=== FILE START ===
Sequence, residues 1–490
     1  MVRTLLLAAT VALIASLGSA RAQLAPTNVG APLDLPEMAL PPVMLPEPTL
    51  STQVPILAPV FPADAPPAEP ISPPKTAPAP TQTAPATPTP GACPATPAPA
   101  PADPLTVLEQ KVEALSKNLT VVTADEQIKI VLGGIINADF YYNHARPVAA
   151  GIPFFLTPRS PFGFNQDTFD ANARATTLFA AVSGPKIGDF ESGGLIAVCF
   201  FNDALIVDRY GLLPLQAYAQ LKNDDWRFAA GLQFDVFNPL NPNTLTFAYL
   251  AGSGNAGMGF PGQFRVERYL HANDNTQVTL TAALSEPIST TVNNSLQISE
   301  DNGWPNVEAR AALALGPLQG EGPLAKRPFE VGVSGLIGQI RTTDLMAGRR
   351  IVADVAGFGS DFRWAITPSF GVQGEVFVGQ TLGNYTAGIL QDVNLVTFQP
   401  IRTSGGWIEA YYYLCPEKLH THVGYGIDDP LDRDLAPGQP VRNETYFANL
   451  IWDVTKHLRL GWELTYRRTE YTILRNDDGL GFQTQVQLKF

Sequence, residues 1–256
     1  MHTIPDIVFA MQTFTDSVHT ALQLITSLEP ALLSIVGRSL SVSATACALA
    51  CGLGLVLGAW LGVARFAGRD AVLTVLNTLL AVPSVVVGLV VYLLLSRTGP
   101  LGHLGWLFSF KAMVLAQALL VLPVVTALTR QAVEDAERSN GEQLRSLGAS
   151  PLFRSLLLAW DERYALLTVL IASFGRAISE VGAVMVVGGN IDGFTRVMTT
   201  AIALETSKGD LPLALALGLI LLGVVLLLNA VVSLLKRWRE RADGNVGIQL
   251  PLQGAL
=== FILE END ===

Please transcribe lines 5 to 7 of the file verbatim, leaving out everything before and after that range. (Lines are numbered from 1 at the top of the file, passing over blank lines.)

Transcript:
   151  GIPFFLTPRS PFGFNQDTFD ANARATTLFA AVSGPKIGDF ESGGLIAVCF
   201  FNDALIVDRY GLLPLQAYAQ LKNDDWRFAA GLQFDVFNPL NPNTLTFAYL
   251  AGSGNAGMGF PGQFRVERYL HANDNTQVTL TAALSEPIST TVNNSLQISE